New Zealand left it all out there in a display filled with bravery and belief but it just wasn’t enough in the end as Greece, eventually, secured their spot in the second phase. Emmet Ryan reports from Manila
Being a Tall Black is a vocation because you’ve got to be devoted to dream of this gig. In New Zealand, everything comes a distant second to the All Blacks, their rugby team. In basketball, New Zealand is just that country that Australia has to do better than to qualify for the Olympics. Being a Tall Black is accepting being less than an afterthought on two levels.
Even the name, like most New Zealand national sports teams, is derived from their rugby big brothers. Their identity is secondary to that and they’re usually not even that tall. The best chance a Tall Black will ever get at being a hero is if they make sure Beauden Barrett looks both ways before crossing the road.
Tell that to Shea Ili, Finn Delany, Reuben Te Rangi or any of the others that went to war in Manila against a Greece side that was expected to brush them aside with ease. On this night, they through everything they had at their bigger, stronger, faster, and just plain better opponents. For 30 minutes, they made Greece look less than ordinary and there was a chance to dream.
There was definitely an extra edge to this one. Finn Delany whacked Thanasis Antetokounmpo in the gut, mildly, on the first possession to set the tone. Thanasis sold it like he was in WWE but it was still the sign we needed that this one was going to be a fight. Greece may have come into this with far more talent than their opponents but the Tall Blacks were ready for a brawl.
Georgios Papagiannis had a big rejection on Isaac Fotu midway through the first quarter to demonstrate his comical length advantage over anyone on the New Zealand roster and we had a bruiser going nicely. None of the free scoring we witnessed through a series of borderline exhibition games in some of the mismatches so far in Manila. It was just two teams ready to tear lumps out of each other.
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The 15 point first quarter was Greece’s worst since 2010, against Russia, as the defensive grip of the Tall Blacks held firm early. For Dimitris Itoudis, the only thing working for him was that comical length advantage of Papagiannis as his side played a predictable style that ended up giving the underdogs plenty of room to exploit from the outside.
Mid Q2, the point where I expected Greece to step up a bit, and New Zealand tasted that rarified air. Reuben Te Rangi from deep and they had a double-digit lead. This was not the script as Greece were scoring barely a point a minute in a turgid first half outing.
The closing stages of the half felt crucial. New Zealand has built up a nice lead but they needed to show they had the gas to maintain it, to not allow Greece to make it more manageable through sheer force of will. The Greeks certainly got a bit better offensively, mostly thanks to Ioannis Papapetrou, but Te Rangi was a one man air-raid out there. It was far from over but the Greeks had cause for panic at the break.BallinEurope has a book, a real life actual book called I Like it Loud, and you can buy it on Amazon now. It’s here as a book and here in Kindle form.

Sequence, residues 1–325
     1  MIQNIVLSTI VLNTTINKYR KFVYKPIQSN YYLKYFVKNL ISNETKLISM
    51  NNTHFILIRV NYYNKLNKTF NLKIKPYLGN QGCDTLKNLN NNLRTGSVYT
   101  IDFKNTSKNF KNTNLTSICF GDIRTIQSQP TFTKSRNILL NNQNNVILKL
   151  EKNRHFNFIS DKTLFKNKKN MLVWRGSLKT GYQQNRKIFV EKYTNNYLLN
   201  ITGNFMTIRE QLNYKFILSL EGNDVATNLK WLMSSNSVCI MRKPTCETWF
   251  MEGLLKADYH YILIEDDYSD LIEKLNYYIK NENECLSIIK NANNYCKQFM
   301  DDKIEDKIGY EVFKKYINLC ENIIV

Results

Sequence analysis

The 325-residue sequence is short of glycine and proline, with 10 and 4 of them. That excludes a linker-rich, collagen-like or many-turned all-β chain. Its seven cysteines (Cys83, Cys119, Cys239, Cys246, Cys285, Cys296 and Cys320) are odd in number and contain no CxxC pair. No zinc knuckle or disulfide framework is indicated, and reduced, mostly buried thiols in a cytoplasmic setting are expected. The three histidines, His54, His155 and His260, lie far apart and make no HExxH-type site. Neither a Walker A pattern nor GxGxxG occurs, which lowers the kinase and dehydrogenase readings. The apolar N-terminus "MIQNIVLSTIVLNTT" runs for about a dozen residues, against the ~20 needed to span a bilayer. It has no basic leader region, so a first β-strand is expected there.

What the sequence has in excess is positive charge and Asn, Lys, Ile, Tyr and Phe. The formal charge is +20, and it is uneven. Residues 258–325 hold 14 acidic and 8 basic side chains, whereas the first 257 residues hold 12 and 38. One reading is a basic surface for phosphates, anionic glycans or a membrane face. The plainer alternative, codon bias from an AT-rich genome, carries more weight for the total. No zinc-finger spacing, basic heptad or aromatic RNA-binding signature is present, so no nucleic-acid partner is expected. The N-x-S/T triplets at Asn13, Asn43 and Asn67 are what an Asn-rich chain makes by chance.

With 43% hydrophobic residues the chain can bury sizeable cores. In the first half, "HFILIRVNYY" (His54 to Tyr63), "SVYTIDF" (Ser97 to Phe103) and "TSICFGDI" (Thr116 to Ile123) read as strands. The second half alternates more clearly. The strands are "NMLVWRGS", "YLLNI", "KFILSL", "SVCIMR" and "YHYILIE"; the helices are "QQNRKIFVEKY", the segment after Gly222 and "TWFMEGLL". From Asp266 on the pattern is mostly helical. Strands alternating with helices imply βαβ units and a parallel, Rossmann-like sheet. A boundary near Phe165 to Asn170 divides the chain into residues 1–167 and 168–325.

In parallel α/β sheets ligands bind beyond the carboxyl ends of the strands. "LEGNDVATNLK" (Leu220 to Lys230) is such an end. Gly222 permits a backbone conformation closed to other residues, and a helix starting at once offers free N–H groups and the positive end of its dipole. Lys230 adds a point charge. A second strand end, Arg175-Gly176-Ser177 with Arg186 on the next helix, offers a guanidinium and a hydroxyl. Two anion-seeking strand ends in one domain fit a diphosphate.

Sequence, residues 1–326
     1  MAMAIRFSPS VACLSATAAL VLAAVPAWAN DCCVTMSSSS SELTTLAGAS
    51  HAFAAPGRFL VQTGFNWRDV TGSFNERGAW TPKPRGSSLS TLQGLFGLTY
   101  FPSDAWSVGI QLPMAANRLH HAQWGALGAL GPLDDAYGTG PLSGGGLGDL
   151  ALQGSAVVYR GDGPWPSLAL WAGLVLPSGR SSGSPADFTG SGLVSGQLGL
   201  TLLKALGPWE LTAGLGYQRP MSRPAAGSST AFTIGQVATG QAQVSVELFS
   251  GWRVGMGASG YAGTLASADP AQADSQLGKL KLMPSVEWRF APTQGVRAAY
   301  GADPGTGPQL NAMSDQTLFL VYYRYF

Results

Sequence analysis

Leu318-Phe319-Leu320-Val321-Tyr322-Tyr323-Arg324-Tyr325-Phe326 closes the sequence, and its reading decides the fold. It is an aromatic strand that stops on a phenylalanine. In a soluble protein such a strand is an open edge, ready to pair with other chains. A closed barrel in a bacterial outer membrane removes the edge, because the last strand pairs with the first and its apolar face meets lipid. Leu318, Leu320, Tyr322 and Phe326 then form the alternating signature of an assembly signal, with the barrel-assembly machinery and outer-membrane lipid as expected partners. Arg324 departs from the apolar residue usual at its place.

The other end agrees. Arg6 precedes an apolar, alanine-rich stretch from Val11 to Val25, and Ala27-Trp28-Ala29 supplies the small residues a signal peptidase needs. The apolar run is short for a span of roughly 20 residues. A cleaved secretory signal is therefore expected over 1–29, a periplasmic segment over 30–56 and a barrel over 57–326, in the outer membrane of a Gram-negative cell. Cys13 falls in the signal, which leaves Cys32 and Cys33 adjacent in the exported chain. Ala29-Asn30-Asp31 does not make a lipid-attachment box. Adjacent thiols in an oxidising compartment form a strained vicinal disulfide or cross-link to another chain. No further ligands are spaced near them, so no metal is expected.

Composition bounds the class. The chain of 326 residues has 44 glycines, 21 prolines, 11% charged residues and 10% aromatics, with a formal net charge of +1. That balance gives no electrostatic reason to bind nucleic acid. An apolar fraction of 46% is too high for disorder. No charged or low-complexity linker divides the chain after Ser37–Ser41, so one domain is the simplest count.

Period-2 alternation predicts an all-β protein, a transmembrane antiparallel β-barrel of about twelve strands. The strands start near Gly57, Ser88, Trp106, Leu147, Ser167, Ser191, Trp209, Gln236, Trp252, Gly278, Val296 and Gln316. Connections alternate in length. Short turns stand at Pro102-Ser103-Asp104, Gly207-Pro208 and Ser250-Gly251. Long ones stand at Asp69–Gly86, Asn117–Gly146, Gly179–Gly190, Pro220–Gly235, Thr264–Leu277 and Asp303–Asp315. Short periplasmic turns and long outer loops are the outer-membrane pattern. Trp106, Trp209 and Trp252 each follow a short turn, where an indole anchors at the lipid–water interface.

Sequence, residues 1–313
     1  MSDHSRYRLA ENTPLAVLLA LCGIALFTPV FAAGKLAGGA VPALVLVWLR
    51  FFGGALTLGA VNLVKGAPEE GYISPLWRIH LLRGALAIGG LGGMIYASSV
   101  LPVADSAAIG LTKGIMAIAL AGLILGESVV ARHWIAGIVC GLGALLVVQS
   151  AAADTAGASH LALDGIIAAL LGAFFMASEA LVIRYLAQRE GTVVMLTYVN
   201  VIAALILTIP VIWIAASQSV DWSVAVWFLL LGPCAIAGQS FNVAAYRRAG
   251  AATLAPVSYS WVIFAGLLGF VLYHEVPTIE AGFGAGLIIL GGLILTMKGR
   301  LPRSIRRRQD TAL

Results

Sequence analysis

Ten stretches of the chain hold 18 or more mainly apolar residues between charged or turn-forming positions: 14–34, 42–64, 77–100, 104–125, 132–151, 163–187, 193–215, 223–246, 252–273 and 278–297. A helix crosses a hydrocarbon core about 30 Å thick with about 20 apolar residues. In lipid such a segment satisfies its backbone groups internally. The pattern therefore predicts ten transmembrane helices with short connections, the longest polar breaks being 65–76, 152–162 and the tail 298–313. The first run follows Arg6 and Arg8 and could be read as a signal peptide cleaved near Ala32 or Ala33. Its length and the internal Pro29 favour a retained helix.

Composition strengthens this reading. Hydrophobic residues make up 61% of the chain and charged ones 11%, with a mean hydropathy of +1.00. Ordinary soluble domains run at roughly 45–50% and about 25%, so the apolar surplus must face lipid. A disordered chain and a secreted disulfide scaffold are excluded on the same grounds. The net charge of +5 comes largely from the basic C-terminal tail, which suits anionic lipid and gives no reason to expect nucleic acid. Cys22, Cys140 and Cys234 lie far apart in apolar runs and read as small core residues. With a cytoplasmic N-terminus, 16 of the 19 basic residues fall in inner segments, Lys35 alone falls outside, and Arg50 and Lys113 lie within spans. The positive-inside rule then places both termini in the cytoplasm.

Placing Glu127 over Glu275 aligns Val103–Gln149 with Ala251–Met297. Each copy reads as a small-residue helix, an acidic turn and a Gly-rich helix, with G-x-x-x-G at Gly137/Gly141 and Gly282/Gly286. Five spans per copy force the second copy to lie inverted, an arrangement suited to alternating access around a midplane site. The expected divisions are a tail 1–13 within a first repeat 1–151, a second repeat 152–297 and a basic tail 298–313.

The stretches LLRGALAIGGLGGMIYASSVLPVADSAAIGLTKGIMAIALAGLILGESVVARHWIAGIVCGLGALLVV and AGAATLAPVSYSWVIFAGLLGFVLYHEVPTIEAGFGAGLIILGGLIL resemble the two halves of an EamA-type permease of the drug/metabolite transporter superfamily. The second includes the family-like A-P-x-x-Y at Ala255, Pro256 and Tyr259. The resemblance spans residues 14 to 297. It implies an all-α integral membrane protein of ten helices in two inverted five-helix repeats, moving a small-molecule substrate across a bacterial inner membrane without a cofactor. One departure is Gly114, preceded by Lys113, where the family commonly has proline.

Reality is awfully cruel. Within two minutes of the game starting, this one felt like a quick catch-up job for a Greek side that had finally woken from its slumber. It was back within two possessions within two minutes and the Greeks appeared to have found their fundamental basketball ability again.
That’s how the script was supposed to go but Thanasis picked up his 4th foul with 5.30 left in the third as New Zealand’s D became all about harrying and pestering the Greeks. It must have been desperately irritating for Thomas Walkup and the rest but it was proving effective for the Tall Blacks as they dragged Greece back into the pit of stress.
Unfortunately for the Tall Blacks, that didn’t apply to Papapetrou who was a sea of calm as he continued to chip away and by the mid-point of the quarter it was back to a single possession game. Greece, being the stuttering mess they otherwise were, couldn’t capitalise on that down the stretch of the third but it was still looking omninous entering the final frame.
New Zealand’s hopes of progression ended with 8.16 left in the fourth. A three from Giannoulis Larentzakis finally put the Greeks back in front and the crisis was over. Everything after that was pure pluck and fight from New Zealand but once the chasedown was complete, everything else was academic.
Greece will be relieved but they must now learn the hard lessons that came from the fright they got. The performance mirrors 2017 in all too many respects. At that EuroBasket, they looked awful with an under strength roster in the group stage and faced an unbeaten Lithuania in an elimination game. The circumstances are eerily familiar this time around although, purely technically, it’s not quite an elimination game on Friday. Don’t tell that to the Greek fans who sat through tonight.